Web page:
Both aspects can be achieved neither through existing didactic concepts nor with the aid of a
differentiation of subjects and knowledge.
In order to initiate innovations (a new balance between the educational and the employment
system, a change of the structures of the employment system and of learning) within the
educational system, the following fields have to be clarified:
1. The relationship between initial and continuing vocational training must be newly determined
and further developed.
2. The intelligent and conscientious use of new technologies as an instrument for an
improvement of teaching and learning processes must be encouraged wherever these
instruments offer advantages.
3. In spite of new learning technologies it must be ensured that learning processes are
accompanied by a high level of social interaction and that the ability to think in a context is
4. The relationship between public and private educational institutions as well as between
education, economy and administration must be newly defined.
5. Public (vocational) educational institutions should be assigned a higher grade of self-
• a detailed ‘top-down regularisation’ must be abandoned;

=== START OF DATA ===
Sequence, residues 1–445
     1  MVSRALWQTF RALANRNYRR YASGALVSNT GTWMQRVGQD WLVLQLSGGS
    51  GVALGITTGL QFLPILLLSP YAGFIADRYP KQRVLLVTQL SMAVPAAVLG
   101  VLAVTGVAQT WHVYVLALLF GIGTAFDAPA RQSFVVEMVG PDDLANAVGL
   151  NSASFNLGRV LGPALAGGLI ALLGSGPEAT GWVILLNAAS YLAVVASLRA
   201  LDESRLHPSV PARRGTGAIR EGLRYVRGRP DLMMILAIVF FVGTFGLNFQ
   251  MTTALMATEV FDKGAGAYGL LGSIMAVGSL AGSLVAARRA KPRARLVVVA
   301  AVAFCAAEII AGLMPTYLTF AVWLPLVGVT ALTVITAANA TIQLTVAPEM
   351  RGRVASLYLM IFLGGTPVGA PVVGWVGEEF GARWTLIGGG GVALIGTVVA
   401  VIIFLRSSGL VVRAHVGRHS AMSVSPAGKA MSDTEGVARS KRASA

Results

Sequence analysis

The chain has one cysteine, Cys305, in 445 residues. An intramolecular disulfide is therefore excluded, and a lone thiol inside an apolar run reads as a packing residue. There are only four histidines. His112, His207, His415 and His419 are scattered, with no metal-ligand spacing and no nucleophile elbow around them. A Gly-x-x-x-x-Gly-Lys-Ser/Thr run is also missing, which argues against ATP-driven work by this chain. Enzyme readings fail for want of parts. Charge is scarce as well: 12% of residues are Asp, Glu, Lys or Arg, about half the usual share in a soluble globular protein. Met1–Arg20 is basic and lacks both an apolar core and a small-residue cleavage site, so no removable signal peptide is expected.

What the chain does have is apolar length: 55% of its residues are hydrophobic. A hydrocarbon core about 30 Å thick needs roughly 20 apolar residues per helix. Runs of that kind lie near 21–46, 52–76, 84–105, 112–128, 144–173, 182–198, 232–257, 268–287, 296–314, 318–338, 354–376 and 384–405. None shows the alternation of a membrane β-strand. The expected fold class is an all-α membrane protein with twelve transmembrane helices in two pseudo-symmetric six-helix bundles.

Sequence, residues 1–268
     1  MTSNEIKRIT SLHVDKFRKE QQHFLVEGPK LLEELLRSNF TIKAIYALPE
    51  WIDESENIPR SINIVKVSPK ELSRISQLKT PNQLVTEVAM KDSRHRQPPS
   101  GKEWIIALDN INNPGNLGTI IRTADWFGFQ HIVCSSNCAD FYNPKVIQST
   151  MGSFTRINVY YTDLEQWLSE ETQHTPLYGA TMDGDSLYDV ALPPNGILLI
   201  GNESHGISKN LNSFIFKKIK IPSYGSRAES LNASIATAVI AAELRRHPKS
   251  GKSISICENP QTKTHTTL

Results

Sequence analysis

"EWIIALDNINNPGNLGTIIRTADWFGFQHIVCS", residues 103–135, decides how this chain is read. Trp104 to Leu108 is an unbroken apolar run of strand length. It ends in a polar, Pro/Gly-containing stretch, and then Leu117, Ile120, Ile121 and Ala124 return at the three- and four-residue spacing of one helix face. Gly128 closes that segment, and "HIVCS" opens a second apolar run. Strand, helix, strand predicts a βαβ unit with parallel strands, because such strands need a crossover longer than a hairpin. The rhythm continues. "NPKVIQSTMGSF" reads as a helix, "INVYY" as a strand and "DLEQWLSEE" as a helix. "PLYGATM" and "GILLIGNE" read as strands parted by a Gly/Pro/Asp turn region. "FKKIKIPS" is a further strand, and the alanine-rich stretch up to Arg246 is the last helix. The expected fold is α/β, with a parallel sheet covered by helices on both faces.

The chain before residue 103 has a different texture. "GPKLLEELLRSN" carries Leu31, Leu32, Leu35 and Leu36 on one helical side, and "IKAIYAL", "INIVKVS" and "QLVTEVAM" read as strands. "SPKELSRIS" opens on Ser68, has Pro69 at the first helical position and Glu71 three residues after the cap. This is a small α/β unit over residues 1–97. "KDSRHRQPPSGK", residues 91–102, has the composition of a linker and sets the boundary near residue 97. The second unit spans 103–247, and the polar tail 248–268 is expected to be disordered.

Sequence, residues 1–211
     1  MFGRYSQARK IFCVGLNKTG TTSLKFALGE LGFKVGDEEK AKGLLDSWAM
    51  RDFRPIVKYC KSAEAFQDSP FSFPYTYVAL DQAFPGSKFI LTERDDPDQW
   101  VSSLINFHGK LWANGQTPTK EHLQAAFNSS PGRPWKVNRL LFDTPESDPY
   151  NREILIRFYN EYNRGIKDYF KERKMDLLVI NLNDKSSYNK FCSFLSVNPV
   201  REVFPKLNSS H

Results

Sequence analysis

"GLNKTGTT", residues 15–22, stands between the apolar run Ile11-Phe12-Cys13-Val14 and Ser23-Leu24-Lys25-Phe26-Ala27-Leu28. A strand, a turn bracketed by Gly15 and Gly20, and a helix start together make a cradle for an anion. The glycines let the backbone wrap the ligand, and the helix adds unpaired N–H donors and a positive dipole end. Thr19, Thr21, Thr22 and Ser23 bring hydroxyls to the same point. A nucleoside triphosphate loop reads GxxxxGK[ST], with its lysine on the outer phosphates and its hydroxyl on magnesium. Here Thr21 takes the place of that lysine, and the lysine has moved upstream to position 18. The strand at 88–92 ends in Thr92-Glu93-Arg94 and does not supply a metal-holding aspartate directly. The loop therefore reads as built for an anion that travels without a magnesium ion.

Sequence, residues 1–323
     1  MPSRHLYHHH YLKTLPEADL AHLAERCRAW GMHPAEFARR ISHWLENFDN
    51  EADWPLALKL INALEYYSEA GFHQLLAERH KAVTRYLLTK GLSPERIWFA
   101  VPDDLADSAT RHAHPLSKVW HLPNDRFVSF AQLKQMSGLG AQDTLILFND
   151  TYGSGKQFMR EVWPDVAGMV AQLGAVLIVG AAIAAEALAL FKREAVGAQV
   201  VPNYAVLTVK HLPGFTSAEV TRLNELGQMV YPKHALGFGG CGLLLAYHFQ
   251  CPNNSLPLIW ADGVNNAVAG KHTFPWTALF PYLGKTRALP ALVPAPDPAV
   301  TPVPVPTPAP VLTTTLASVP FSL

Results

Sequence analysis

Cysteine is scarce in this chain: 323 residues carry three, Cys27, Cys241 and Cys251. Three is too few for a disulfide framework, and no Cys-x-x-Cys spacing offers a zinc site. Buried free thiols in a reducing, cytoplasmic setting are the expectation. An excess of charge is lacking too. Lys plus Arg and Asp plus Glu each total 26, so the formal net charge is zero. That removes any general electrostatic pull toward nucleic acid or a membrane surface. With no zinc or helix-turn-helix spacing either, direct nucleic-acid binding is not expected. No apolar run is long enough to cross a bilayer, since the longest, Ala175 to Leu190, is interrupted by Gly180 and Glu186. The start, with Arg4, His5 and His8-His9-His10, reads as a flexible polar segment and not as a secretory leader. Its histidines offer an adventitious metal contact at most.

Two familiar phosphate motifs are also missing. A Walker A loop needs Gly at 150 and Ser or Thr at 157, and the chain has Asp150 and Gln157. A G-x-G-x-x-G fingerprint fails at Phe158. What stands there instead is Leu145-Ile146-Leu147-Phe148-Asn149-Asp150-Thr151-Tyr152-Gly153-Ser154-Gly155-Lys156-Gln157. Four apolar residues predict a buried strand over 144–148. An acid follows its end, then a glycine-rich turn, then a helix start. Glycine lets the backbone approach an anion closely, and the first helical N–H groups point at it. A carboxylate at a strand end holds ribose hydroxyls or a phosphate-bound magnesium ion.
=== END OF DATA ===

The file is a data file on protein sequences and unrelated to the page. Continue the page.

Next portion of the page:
• state centrally-decreed curricula, the restricted regularisation by supervisory school authorities
and school regulations, and restricted timetables should be abandoned;
• schools should be made the crystallisation point of innovations.
• As a consequence:
• the authority structure in schools should be abandoned;
• a decentralised administration should be introduced;
• ‘entrepreneurial’ executive structures should be established;
• a differentiated balance between privatisation and state buffering should be realised.
This would result in a new educational landscape which is characterised by the following features.
The educational landscape 2020:
• Public (vocational) schools are partly centralised, some school forms are completely privatised.
• Public and private suppliers of education are striving for an influence on and a share of the
• The indicator for the success of the individual suppliers of education is the degree of shaping
competence – oriented towards a human-centred shaping of the society – the graduates are able
• Students will have to learn more than ever and the social integration (de-integration) will be
controlled by learning at an even higher degree.
• The forms of learning will have considerably changed. Advisory and media-aided learning will
reach a high level of importance; seminars will only play a minor role.